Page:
Hawaiian ancient surfing is the term given to surf sports enjoyed among natives of the Hawaiian Islands before the modern reinvention and global spread of the sport. Historically, ancient surfing was a very central part of ancient Hawaiian culture, likely practiced for well over a thousand years before European contact in the 18th century. Once considered a quirky, isolated pastime, surfing has since spread far and wide, bringing with it tastes of Hawaiian culture to every corner of the globe.
Throughout nearly the entire history of Hawaii, surfing has been a cultural tradition practiced among all classes. From commoners to kings, nearly everyone enjoyed the sport and the festivities associated with it. Though surfing, by its nature, is typically thought of as noncompetitive, races on the ancient Hawaiin swells were commonplace, and they were often subject to wagers. In fact, wagering was nearly inseparable from the sport, which attributed to surfing’s suppression under missionary influence in the 19th century.
Even religion tied into this form of ancient surfing; in an attempt to call forth big swells from the sea, Hawaiian priests would whip the waters with vines and surfers would pray fervently at shrines. Similarly, ancient Hawaiian surf boards were crafted with special religious rituals intended to bless the craft – especially so for boards meant for royalty. The religious air surrounding the sport aligned with the attention and loyalty it received from its practitioners. The famous Hawaiian historian Kepelino (c. 1830–1878) recorded in his Kepelino’s Traditions of Hawaii, “Expert surfers going upland to farm, if part way up perhaps they look back and see the rollers combing the beach, will leave their work … they will pick up the board and go. All thought of work is at an end, only that of sport is left. The wife may go hungry, the children, the whole family, but the head of the house does not care. He is all for sport, that is his food.”
Evidence of the practice of various forms of ancient surfing can be found among many Polynesian settlements, often simply children’s games, catching waves with any piece of wood or brush, though sometimes more sportive. This near-universal presence of ancient surfing sports among the islands within the Polynesian Triangle (defined by Hawaii, New Zealand, and Easter Island) suggests that the sport predates settlement of the Hawaiian islands. While it is a possibility that these separate Polynesian settlements developed ancient surfing sports independently, it is fairly unlikely. As such, since Hawaii was settled in the 4th century at the earliest, this would suggest that the history of surfing extends back beyond 1,700 years at the minimum. As Hawaii had no written language prior to European contact in the 18th century, much of ancient surfing history is unrecorded. What we know of the sport is ascertained from its 18th- and 19th-century records.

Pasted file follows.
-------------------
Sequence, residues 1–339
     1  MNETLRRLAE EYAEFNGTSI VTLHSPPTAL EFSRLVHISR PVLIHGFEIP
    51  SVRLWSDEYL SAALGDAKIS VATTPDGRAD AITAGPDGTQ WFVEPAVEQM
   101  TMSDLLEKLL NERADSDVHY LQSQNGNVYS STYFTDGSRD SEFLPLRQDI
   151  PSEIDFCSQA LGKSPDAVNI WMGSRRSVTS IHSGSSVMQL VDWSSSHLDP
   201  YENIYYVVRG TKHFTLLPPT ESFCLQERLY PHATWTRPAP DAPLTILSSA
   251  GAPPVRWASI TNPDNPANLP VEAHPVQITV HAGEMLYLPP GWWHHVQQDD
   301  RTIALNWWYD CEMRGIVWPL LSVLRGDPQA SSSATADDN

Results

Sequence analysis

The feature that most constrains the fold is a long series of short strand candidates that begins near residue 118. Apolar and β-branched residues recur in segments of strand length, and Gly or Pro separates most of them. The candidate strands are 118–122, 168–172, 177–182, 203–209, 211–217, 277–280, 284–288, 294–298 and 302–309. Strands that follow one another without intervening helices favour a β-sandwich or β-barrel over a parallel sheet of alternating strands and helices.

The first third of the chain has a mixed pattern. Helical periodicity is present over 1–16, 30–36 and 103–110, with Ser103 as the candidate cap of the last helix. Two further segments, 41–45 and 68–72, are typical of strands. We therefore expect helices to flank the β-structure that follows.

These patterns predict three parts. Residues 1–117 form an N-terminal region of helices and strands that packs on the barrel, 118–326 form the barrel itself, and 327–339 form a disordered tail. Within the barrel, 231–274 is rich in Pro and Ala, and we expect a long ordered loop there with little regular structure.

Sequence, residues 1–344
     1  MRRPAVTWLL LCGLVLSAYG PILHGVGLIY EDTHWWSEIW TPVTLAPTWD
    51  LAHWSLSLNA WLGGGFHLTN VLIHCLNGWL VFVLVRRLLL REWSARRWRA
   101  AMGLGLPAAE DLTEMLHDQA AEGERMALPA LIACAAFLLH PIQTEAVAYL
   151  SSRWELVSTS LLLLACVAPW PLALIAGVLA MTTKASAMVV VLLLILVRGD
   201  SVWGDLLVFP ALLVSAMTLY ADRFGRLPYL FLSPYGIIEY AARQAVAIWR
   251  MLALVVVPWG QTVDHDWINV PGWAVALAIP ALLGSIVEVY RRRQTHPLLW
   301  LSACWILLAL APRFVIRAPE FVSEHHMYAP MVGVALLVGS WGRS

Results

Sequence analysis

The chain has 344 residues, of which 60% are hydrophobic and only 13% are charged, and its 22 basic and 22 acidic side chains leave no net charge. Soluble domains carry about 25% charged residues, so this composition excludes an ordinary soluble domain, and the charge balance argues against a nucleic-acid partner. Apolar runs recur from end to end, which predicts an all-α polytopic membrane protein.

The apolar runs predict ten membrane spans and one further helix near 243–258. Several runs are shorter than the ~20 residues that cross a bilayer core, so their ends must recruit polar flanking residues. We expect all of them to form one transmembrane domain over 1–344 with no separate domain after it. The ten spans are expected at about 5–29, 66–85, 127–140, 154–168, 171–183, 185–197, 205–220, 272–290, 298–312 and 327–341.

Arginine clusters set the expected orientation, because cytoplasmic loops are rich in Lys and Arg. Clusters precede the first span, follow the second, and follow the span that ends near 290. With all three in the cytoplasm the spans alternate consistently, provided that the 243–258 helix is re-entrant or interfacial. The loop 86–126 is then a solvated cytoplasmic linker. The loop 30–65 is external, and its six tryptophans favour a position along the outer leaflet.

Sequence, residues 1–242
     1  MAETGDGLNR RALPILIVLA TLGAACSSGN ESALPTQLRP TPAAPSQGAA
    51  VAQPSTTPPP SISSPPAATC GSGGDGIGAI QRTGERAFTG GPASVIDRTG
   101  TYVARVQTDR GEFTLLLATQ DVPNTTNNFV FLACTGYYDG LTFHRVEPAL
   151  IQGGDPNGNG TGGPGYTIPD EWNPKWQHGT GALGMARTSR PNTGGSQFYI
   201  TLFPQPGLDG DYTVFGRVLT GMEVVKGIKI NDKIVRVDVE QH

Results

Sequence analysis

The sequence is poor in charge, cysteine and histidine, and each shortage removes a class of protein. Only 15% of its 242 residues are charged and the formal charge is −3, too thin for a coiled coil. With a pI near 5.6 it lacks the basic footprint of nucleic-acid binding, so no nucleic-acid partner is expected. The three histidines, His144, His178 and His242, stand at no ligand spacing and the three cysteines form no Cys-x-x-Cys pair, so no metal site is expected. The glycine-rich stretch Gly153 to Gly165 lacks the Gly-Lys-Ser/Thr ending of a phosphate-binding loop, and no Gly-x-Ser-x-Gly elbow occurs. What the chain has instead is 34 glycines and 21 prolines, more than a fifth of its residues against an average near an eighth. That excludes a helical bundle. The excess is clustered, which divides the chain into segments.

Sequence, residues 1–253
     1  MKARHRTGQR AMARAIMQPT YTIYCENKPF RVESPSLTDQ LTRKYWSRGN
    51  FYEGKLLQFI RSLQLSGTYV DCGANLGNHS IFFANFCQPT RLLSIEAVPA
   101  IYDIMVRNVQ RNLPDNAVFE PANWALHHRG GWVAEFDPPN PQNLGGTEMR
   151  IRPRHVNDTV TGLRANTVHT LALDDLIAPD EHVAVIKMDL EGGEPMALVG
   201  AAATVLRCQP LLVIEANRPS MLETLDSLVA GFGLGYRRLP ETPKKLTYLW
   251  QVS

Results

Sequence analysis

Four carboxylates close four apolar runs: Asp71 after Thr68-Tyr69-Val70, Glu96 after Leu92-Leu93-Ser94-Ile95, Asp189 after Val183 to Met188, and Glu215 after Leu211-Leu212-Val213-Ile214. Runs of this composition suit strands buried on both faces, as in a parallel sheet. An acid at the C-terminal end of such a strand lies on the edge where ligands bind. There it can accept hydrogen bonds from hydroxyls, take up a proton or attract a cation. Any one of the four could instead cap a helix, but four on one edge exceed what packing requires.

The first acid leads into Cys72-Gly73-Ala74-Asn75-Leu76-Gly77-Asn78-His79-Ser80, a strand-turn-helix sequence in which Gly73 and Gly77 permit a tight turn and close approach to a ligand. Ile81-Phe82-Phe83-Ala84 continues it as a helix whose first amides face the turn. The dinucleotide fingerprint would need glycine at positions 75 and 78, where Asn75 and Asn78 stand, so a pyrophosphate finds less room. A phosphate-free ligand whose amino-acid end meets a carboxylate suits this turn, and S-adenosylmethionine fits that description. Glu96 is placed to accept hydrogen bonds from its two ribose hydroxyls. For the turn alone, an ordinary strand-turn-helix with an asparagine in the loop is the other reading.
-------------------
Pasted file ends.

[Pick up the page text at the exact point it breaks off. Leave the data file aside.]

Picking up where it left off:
The earliest written accounts of surfing come from the Western pens of the British explorer Captain James Cook and his crew in the late 18th century. The sport was very much looked down upon for this entire period, and as European influence over the natives increased, traditional Hawaiian culture began to unravel. Early 19th-century missionaries discouraged many traditional sports for their danger, paganism, and gambling (perhaps most notable in boxing, mokomoko), and surfing received the brunt of these efforts. In addition to the gambling and pagan rituals surrounding the sport, the Hawaiian beachfront was incredibly sexualized. Typically, athletes would strip before surfing, in part to attract a romantic partner – flirting was almost as central to the sport as gambling was. As missionaries naturally discouraged this kind of environment, the sport nearly died out in the mid 19th century.
Despite the fallback, surfing began to rise in popularity again in the early 20th century, and with a continued rise in traditional Hawaiian culture, this ancient sport was roaring again within a few decades. As surfing spread outward from Hawaii, continental American audiences took to the sport very quickly, and a following picked up in California, resulting in the first generation of surfing beach bums.
How to Play